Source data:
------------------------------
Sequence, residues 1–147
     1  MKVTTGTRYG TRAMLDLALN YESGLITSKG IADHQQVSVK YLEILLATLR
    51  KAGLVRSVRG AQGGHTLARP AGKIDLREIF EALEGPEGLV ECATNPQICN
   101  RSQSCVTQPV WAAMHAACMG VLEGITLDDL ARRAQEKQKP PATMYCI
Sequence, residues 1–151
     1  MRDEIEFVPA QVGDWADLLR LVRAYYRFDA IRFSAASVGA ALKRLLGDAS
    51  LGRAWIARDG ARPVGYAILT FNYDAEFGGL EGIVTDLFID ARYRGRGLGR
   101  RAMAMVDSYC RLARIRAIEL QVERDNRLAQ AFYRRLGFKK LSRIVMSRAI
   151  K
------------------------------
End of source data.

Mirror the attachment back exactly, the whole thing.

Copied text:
Sequence, residues 1–147
     1  MKVTTGTRYG TRAMLDLALN YESGLITSKG IADHQQVSVK YLEILLATLR
    51  KAGLVRSVRG AQGGHTLARP AGKIDLREIF EALEGPEGLV ECATNPQICN
   101  RSQSCVTQPV WAAMHAACMG VLEGITLDDL ARRAQEKQKP PATMYCI
Sequence, residues 1–151
     1  MRDEIEFVPA QVGDWADLLR LVRAYYRFDA IRFSAASVGA ALKRLLGDAS
    51  LGRAWIARDG ARPVGYAILT FNYDAEFGGL EGIVTDLFID ARYRGRGLGR
   101  RAMAMVDSYC RLARIRAIEL QVERDNRLAQ AFYRRLGFKK LSRIVMSRAI
   151  K